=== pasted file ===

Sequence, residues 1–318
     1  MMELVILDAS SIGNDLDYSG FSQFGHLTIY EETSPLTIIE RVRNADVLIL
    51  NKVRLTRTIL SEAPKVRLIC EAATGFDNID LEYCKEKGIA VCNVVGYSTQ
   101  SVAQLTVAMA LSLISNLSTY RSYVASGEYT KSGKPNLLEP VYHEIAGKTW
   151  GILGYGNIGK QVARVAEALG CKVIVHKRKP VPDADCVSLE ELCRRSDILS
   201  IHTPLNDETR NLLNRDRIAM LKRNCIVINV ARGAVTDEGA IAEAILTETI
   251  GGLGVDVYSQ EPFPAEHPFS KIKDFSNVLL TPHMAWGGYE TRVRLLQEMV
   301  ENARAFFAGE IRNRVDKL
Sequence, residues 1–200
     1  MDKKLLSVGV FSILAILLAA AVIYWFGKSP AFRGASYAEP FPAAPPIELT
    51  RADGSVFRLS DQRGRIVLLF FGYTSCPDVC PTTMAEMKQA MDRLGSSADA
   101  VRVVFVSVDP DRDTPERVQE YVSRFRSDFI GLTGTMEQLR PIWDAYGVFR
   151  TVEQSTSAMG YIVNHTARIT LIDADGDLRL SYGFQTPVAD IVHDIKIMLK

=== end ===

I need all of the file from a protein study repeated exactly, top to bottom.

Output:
Sequence, residues 1–318
     1  MMELVILDAS SIGNDLDYSG FSQFGHLTIY EETSPLTIIE RVRNADVLIL
    51  NKVRLTRTIL SEAPKVRLIC EAATGFDNID LEYCKEKGIA VCNVVGYSTQ
   101  SVAQLTVAMA LSLISNLSTY RSYVASGEYT KSGKPNLLEP VYHEIAGKTW
   151  GILGYGNIGK QVARVAEALG CKVIVHKRKP VPDADCVSLE ELCRRSDILS
   201  IHTPLNDETR NLLNRDRIAM LKRNCIVINV ARGAVTDEGA IAEAILTETI
   251  GGLGVDVYSQ EPFPAEHPFS KIKDFSNVLL TPHMAWGGYE TRVRLLQEMV
   301  ENARAFFAGE IRNRVDKL
Sequence, residues 1–200
     1  MDKKLLSVGV FSILAILLAA AVIYWFGKSP AFRGASYAEP FPAAPPIELT
    51  RADGSVFRLS DQRGRIVLLF FGYTSCPDVC PTTMAEMKQA MDRLGSSADA
   101  VRVVFVSVDP DRDTPERVQE YVSRFRSDFI GLTGTMEQLR PIWDAYGVFR
   151  TVEQSTSAMG YIVNHTARIT LIDADGDLRL SYGFQTPVAD IVHDIKIMLK